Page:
Botanical Name: Myrica californica
Species: M. californica
Synonyms: Gale californica
Common Names: California bayberry, California wax myrtle, California Barberry
Habitat : Myrica californica is native to the Pacific Ocean coast of North America from Vancouver Island south to California as far south as the Long Beach area. It grows in the Ocean sand dunes and moist hill sides near the coast, usually on acid soils and tolerating poorly drained soils.
Myrica californica is an evergreen Shrub growing to 4 m (13ft 1in) at a medium rate. It has serrated, sticky green leaves 4-13 cm long and 0.7-3 cm broad, which emit a spicy scent on warm days. It is in leaf 12-Jan It is in flower in May, and the seeds ripen from Sep to October. The flower’s inflorescence is arranged in a spike 0.6-3 cm long, in range of colors from green to red. The fruit is a wrinkled purple berry 4-6.5 mm diameter, with a waxy coating, hence the common name wax myrtle. This species has root nodules containing nitrogen-fixing microorganisms, allowing it to grow in relatively poor soils.
CLICK & SEE THE PICTURES
The flowers are monoecious (individual flowers are either male or female, but both sexes can be found on the same plant) and are pollinated by Wind.It can fix Nitrogen.
Suitable for: light (sandy), medium (loamy) and heavy (clay) soils and prefers well-drained soil. Suitable pH: acid and neutral soils and can grow in very acid soils.
It can grow in semi-shade (light woodland) or no shade. It prefers moist soil. The plant can tolerates strong winds but not maritime exposure.
Landscape Uses:Border, Hedge, Screen, Seashore, Specimen. Prefers a moist soil. Grows well in an open position in a well-drained soil in sun or light shade. Thrives in any ordinary garden soil according to one report whilst another says that it thrives in an acid soil. Prefers a lime-free loamy or peaty soil. Plants can be cut back to the ground in severe winters in many parts of Britain, but they are well suited to the milder parts of the country where they are fast-growing and produce fruit within 5 years from seed. They succeed and fruit well on a south facing wall at Kew. Plants in this genus are notably resistant to honey fungus. The fruit is covered with a deposit of wax that has a balsamic odour. Many species in this genus have a symbiotic relationship with certain soil micro-organisms, these form nodules on the roots of the plants and fix atmospheric nitrogen. Some of this nitrogen is utilized by the growing plant but some can also be used by other plants growing nearby. Special Features:Attracts birds, North American native, Fragrant foliage, Attracts butterflies, Inconspicuous flowers or blooms.
Seed – best sown as soon as it is ripe in the autumn in a cold frame. Stored seed germinates more freely if given a 3 month cold stratification and then sown in a cold frame. Germination is usually good. Prick out the seedlings into individual pots when they are large enough to handle and grow them on in the cold frame for the first winter. Plant out in late spring or early summer. Cuttings of half-ripe wood, 5 – 8cm with a heel, July/August in a frame. Pot up and overwinter in a cold frame then plant out in late spring or early summer. Fair to good percentage. Layering in spring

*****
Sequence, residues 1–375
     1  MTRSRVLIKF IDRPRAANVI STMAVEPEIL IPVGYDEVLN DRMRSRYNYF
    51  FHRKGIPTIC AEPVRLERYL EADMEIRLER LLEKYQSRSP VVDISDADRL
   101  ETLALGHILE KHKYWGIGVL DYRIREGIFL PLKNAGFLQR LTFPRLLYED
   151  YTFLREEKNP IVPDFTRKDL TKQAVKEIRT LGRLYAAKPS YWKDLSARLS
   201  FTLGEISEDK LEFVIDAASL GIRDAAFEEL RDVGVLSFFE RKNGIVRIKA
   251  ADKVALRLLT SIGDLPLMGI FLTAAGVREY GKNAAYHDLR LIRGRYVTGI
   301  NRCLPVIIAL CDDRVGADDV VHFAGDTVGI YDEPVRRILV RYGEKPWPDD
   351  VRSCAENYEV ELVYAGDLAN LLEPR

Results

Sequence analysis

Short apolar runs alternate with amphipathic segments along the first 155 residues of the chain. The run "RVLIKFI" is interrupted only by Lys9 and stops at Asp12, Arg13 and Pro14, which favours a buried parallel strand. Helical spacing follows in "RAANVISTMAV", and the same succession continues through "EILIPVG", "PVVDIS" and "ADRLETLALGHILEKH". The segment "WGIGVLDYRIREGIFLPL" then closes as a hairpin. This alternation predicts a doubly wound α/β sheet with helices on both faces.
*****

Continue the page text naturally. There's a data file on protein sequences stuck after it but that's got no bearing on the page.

Edible Uses: Fruit – raw or cooked. The fruit is about 6mm in diameter with a large seed. There is very little edible flesh and the flavour of this is poor.
Medicinal Uses: The bark and root bark is used in the treatment of gastrointestinal disorders and infections.
Dye; Wax; Wood.
A wax covering on the fruit is extracted by scalding the fruit with boiling water and immersing them for a few minutes, the wax floats to the surface and is then skimmed off. The fruit is then boiled in water to extract the wax from the pulp and once more the wax is skimmed off. It is then strained through a muslin cloth and can be used to make aromatic candles. Candles made from this wax are quite brittle but are less greasy in warm weather. They are slightly aromatic and do not smoke when put out, making them much more pleasant to use that wax or tallow candles. The wax is also used in making soaps. To date (07/12/95) plants growing on our Cornish trial grounds have fruited freely but have not produced much wax. They produced somewhat more after the hot summer of 1995, but there was still not enough to make extraction worthwhile. A grey-brown and a maroon-purple dye are obtained from the fresh or dried berries. Wood – heavy, very hard, strong, brittle, close grained
Known Hazards: Although no reports of toxicity have been seen for this species, there is a report for some members of this genus that some of the constituents of the wax might be carcinogenic.
Disclaimer : The information presented herein is intended for educational purposes only. Individual results may vary, and before using any supplement, it is always advisable to consult with your own health care provider.